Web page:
Reflections on A Love Supreme, Part One


Celebrating Spring Equinox in the Northern Hemisphere – by Marion Atmo.

Spring my Michael Sudheer

Yesterday was officially the first day of Spring in the Northern Hemisphere, the Equinox – equal day and night. And today is the anniversary of Osho’s enlightenment as a young man in 1953.

But why ‘a love supreme’?

For lovers of jazz and soulful music, A Love Supreme is John Coltrane’s masterpiece. I chose this title after last week’s live gig by the ‘Coltrane Dedication Quintet’ in Narberth, Pembrokeshire. Hearing the four notes by the bass player repeated again and again – ‘a love su-preme, a love su-preme’ (“Acknowledgement”, Part I) I was transported back to when I heard this amazing LP decades ago. It is a spiritual work – Coltrane admitted that he didn’t own his talent but was channelling a higher power. He had the discipline, the tools and the technique, but the actual music seemed to happen by itself. This is an example of skill combined with ‘allowing love to happen’, leading to sublime results.

Archie Shepp, who played tenor sax on alternate takes of Acknowledgement, reflects, ‘I see it as a powerful, spiritual work that really confirms John’s connection to the Afro-American church. These things seem to refer to personal commitment to a supreme being.’

John Coltrane was influenced by his second wife, Alice, a wonderful harpist and pianist whose compositions feel divinely inspired. She recalled that one day late in the summer of 1964, John came downstairs in his new house ‘like Moses coming down from the mountain’, holding a complete and formal outline for a new four-part suite. It was the only composition of Coltrane’s that would be that formally prepared. In December 1964, Coltrane’s classic quartet recorded the entirety of the album’s four suites in one day.

Jumping to Spring, where does Spring spring from?

Like enlightenment, it is the flowering of seeds that have grown slowly in the darkness. The winter months – and our seasons of discontent – provide the soil and the challenges for new life to emerge. Spring – like awareness – is a process. It’s not separate from other seasons. It arises out of winter and develops into full flowering in the summer, then contraction and change of form in the autumn. The recycling process is constant.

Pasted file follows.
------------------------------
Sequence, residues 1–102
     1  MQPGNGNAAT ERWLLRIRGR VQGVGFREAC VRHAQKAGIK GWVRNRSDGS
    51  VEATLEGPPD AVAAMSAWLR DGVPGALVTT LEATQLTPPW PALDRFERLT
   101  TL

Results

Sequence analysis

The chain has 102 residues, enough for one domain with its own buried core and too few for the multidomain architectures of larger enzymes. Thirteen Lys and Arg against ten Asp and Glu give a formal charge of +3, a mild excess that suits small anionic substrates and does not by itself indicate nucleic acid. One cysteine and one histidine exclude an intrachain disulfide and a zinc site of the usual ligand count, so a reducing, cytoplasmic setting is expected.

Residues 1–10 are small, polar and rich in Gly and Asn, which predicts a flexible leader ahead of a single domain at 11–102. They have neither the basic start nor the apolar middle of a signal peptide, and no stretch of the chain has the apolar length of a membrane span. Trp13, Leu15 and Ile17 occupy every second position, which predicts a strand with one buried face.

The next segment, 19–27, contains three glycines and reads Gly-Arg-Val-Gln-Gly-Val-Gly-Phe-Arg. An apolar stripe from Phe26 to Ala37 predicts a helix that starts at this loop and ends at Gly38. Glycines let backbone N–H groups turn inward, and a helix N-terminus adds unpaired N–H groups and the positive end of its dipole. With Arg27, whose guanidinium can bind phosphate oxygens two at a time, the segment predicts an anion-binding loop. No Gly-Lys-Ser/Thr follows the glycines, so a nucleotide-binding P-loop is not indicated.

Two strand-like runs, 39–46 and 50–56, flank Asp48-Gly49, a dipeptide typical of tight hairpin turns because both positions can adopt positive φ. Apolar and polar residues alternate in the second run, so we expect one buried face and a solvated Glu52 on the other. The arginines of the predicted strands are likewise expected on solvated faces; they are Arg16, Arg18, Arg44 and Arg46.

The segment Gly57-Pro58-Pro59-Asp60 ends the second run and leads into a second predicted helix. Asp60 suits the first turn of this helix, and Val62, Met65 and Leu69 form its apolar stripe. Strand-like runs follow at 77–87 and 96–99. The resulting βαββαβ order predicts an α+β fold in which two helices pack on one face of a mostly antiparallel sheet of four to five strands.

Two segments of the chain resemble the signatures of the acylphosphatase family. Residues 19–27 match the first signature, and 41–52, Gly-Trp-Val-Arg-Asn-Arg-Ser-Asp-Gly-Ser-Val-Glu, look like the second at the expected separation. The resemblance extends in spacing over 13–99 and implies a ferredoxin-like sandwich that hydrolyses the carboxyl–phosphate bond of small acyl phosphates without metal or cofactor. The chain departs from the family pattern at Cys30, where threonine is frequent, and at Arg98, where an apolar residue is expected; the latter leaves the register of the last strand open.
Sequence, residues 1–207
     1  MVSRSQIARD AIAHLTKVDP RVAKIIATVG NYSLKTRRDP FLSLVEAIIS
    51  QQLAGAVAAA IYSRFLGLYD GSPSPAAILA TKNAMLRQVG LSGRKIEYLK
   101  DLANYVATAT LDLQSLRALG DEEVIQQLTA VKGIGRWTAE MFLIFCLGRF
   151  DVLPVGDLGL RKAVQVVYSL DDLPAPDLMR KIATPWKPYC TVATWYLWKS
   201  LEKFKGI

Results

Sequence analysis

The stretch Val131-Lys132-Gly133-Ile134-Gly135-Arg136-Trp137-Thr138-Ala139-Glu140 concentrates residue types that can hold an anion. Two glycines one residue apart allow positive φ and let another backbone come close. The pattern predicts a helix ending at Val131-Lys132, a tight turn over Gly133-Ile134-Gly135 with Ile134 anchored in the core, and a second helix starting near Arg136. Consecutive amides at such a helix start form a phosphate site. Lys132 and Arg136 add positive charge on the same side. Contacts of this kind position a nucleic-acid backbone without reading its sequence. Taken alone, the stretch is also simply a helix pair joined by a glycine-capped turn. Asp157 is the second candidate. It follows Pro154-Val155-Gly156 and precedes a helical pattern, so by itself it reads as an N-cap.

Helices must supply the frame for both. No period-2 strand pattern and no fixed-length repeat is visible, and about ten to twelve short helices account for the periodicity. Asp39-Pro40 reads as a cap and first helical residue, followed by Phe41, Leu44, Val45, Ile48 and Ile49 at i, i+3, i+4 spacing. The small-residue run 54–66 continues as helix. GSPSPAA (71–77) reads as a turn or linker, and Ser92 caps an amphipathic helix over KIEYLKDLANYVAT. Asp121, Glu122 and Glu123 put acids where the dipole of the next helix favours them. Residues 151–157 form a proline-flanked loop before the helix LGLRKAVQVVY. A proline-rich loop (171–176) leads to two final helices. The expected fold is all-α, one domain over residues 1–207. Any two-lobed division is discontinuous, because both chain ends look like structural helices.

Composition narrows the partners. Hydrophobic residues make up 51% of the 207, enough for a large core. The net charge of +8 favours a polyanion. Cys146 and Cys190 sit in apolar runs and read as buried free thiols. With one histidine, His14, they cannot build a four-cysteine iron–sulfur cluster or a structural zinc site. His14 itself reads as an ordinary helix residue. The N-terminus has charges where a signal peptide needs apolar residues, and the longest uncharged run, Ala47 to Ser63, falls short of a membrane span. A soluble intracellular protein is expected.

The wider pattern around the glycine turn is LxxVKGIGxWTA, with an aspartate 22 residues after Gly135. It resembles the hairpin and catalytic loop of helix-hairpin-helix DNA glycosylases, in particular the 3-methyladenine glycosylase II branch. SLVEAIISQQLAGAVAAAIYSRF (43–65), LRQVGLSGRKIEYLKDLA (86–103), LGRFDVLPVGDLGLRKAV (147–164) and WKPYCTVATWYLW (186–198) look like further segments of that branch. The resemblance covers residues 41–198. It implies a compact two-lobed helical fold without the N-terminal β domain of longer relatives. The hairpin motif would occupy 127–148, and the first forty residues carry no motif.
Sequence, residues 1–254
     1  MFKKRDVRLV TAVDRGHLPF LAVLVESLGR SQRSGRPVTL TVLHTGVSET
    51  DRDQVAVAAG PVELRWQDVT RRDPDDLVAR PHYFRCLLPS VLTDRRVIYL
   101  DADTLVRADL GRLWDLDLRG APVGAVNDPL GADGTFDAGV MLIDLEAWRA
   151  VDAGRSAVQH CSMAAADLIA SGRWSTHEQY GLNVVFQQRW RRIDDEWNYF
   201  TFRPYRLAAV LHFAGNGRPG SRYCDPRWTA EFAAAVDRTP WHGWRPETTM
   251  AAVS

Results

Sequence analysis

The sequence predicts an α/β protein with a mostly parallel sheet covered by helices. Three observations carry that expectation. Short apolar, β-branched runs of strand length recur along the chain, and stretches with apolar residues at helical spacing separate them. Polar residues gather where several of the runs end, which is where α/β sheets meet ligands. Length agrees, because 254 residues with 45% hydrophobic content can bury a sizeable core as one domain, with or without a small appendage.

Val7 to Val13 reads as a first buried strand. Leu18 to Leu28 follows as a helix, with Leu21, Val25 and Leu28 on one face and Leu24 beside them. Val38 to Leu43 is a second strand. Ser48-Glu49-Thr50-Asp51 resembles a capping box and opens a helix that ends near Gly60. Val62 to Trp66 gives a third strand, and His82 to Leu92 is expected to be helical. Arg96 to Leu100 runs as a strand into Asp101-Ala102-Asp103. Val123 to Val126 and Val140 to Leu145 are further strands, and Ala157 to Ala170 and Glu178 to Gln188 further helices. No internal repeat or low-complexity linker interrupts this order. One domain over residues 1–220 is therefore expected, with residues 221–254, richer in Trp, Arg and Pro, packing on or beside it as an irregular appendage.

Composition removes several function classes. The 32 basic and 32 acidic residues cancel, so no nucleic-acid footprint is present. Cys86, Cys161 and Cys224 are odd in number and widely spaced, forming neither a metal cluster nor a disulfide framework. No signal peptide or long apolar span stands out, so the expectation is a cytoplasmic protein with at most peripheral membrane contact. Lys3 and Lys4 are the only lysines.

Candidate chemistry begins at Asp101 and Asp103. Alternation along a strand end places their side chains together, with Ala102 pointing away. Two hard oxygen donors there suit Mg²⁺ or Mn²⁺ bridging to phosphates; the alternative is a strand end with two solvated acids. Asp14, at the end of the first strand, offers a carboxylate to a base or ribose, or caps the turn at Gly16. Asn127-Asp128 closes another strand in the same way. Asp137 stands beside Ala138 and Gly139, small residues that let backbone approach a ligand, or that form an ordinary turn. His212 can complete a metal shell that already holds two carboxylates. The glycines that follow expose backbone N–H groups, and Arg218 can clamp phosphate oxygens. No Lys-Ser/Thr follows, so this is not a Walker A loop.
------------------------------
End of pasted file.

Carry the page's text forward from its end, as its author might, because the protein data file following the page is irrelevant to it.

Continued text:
Spring sends ripples of pleasure and nourishment to all creatures who drink from the blossoms. And to us who stop to admire them, taking time to bathe in their radiance of love.

So an enlightened soul can be a source of joy and nourishment to those who care to linger by his/her side. Transmission can happen – which is felt as love, presence and communication – and it flows from giver to a receiver who is receptive. This exchange of love doesn’t depend on location or being in a physical body. Universal heart and universal mind are the channels outside our everyday time and space boundaries.

A Love Supreme is also balance.

Supreme is not about being ‘higher’ or better. It just is and includes all things – a balance. I used to feel uncomfortable about the meaning of the name Osho gave me – Atmo as ‘Supreme Self’. Issues around appearing superior – maybe something to do with having an English middle-class background? Now, it’s easier to accept that ‘supreme’ is related to the beyond; beyond identities and attachments.

Supreme love knows it has come from darkness, it has undergone a passage. Love does not condemn darkness – simply the light has come in. The Equinox is a reminder of balance in all things with equal day and night hours.

Osho’s lectures and teachings describe the quality of being awake and present to the moment. This is awareness – the key to living life in balance. Love is the blossoming of awareness, love arises like the Spring. And like the music of John and Alice Coltrane and others who bring the divine into their listening, composing and playing.

Published last year on Marion Atmo’s blog: – Image by the wonderful Michael Sudheer:

Marion Atmo

Marion Atmo is a sannyasin since 1981 and now lives in Wales, UK. She played bass guitar and keyboards in the English and Dutch Osho Communes and also in Pune.

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